Charles Upton: Describe the play using a haiku.
Brett Rogers: Mitchell is a star, who lives life in the closet. Then he meets Alex.
What do you think makes this play important and how does it relate to your life?
This play is important because it forces audiences to look at the double-standards they hold, of which they might not even realise they have. Why can we happily believe an actor is a serial killer, bank-robber or S&M fetishist but we won’t believe that a gay actor is straight on screen? The Little Dog Laughed forces audiences to look at themselves and talks about the crushing pressure this puts on actors to choose between main-stream success and authentic happiness.
I relate strongly to this play. I have always been open about my sexuality but it creates barriers to getting work and being represented. I also have creative friends who refuse to live openly; they can achieve leading, main-stream roles more easily but it takes a heavy toll on their mental health.
The Little Dog Laughed is New Theatre’s Mardi Gras play for the year. What was your first experience of Mardi Gras?
My first experience of Mardi Gras was the FULL experience. I had just relocated to Sydney from Hobart and my new friends wanted me to experience Mardi Gras as there was nothing like it in Hobart. Dressed as Tom Cruise from Risky Business I marched in the parade on the Actors float and attended the official after party. Up until that point I had not been exposed to LGBT culture in such an open and celebratory way. It was an amazing introduction to Sydney and Mardi Gras that I hope more people from rural and remote areas, or more conservative areas, get to experience.
What do you find most rewarding about your creative life and career?
What I find most rewarding today is the same thing I found rewarding when I first started acting. Performing other people’s stories allows me to have greater empathy in my day to day life and a greater awareness of what’s happening around the world. One specific highlight was touring the Northern Territory with Terrapin Puppet Theatre for the Helpmann Award winning show Boats. We had the opportunity to perform in remote communities throughout the NT and conduct puppet making workshops with some of the most exciting, cheeky and infectious little personalities. Recently I have also worked with people with intellectual disabilities; bringing drama to this group will always be a career highlight.
Who is your favourite character in this play and why?
I really like Alex. Given one of the themes of the play is about the pursuit of happiness, I think Alex’s understanding of what happiness really means is more three dimensional, mature and authentic than the other characters.
Brett Rogers: Describe The Little Dog Laughed using a limerick.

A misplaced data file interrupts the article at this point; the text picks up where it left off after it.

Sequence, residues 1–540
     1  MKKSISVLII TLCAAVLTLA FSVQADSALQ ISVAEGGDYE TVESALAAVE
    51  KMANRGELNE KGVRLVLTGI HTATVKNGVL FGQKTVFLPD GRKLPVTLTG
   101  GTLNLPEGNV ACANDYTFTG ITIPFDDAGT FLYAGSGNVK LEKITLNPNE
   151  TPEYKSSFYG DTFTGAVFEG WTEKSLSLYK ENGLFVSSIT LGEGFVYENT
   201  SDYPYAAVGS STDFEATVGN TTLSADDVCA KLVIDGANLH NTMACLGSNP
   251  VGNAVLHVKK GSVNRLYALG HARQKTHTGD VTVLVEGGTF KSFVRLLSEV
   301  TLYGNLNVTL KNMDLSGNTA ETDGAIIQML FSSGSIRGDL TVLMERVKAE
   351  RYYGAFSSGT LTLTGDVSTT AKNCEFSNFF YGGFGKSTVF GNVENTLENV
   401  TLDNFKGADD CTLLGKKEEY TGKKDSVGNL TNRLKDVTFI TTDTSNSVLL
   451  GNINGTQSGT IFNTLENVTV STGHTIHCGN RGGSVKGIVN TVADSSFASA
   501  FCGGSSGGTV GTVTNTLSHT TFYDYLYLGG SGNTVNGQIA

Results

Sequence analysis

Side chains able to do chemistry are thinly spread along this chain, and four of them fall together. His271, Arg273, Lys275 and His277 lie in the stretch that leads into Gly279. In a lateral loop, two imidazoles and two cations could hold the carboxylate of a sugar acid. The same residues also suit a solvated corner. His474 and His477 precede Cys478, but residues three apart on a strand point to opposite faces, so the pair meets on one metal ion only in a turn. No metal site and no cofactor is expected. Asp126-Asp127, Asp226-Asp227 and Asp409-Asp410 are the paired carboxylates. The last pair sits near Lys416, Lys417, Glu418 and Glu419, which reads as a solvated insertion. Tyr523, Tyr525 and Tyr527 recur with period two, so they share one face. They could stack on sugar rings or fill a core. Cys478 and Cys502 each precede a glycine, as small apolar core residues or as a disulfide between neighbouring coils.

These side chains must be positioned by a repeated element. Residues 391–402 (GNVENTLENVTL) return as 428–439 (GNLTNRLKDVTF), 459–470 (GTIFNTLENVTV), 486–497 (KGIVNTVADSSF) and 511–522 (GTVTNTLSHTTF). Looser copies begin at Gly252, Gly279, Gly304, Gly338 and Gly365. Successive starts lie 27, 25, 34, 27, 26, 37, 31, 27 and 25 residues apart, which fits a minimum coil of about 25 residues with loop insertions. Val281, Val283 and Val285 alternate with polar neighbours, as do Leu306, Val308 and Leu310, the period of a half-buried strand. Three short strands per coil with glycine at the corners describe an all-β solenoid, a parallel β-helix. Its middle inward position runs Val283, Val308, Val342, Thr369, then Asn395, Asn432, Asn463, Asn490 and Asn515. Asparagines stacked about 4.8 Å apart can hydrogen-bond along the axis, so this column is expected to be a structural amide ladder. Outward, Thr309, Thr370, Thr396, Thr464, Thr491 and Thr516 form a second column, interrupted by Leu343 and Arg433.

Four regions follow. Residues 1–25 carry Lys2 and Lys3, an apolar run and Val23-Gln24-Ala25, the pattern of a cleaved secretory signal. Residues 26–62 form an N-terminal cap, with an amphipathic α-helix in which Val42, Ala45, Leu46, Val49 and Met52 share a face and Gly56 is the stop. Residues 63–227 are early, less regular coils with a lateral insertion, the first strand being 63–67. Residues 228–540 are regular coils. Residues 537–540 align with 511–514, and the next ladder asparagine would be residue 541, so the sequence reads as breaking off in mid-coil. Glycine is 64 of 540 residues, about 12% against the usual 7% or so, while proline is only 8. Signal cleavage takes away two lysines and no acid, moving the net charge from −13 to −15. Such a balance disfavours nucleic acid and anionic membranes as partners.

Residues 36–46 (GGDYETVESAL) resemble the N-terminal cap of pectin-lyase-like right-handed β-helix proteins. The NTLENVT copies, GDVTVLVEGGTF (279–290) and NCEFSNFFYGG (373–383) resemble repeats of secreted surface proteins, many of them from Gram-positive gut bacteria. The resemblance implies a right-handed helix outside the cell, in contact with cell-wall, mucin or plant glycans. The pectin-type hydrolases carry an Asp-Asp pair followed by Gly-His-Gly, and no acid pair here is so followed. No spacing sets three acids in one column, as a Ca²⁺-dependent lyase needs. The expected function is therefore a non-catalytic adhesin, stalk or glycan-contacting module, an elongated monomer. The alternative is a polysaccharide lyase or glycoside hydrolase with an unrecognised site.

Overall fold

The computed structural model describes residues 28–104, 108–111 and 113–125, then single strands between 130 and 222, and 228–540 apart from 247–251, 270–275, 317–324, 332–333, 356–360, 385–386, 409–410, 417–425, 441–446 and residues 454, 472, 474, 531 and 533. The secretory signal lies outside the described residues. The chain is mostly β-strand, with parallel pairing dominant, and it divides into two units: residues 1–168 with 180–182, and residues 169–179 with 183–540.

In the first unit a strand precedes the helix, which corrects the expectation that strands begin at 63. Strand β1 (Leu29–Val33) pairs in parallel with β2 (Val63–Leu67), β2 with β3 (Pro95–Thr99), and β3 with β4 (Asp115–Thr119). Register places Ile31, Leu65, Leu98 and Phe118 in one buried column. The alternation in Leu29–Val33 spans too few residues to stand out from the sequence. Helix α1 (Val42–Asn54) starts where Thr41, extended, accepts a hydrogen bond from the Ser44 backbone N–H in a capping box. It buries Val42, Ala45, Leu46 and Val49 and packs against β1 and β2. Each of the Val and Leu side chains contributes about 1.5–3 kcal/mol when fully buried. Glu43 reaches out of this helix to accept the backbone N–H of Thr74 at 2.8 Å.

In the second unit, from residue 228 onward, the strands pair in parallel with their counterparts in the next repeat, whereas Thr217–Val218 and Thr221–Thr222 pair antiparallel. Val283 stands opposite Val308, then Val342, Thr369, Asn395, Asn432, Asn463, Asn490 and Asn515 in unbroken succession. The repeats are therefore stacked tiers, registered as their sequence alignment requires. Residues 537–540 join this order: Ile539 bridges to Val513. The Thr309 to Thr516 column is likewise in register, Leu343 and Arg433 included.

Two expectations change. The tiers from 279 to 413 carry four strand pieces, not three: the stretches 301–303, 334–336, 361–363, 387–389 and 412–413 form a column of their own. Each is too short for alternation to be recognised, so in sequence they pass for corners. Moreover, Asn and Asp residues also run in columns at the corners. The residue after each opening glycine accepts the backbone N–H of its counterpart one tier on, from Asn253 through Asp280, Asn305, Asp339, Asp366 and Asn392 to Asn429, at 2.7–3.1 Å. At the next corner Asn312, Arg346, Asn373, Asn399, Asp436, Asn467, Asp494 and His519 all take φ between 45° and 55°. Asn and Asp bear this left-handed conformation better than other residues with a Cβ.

There was a man named Mitchell Green, set for a life on the big screen. He meets a boy. His life fills with joy. What happens next could not be foreseen.
What drew you to this story and the role of Alex?
I was drawn to this story because it’s funny. It’s about people pursuing happiness, some of those people are lost or going in the entirely wrong direction, which makes it very funny sometimes but also very sad sometimes. But that’s the common thread. And I was drawn to Alex because he does his best to act courageously and be true to himself, because he’s a survivor.
What scenes challenge you most?
It honestly changes night to night. But my initial concern was a key sexual scene in the play where I have to get nude. My mind was constantly distracting me for every vain reason you can think of throughout rehearsals. I’d never had to do a scene like that before, but it was only challenging the first time, now it’s quite liberating. Also my main concern as an actor is always being truthful and in the moment, so whenever that’s not happening, I have a challenge on my hands.
Who do you think will see this play and who do you think should see this play?
Well The Little Dog Laughed is New Theatre’s Sydney Mardi Gras show for the year. So there will definitely be a lot of the Mardi Gras crowd coming to see it. Also it’s a comedy, I think anyone who wants to have a good laugh should come for sure, the play is a lot of fun. It pokes fun at the world of film and theatre and ultimately it makes fun of itself. So people who work in the creative arts should definitely come and see too, they’ll get some jokes not everyone will.
What was your first experience in the creative arts?
Professionally, I started working in the arts at 18 and it was actually my first official job. I’d moved to Sydney from Northern NSW and somehow managed to get a job at the Sydney Opera House working on an opera as a props assistant. I was over the moon. But my first experience I can remember was seeing Cats when I was about seven. It was this big regional tour and I was totally blown away. I was fascinated by every element of it, but particularly by how much fun the performers were having. I can remember thinking, I want to do that.
Brett Rogers and Charles Upton can be seen in The Little Dog Laughed by Douglas Carter Beane.
Dates: 7 Feb – 4 Mar, 2017
Venue: New Theatre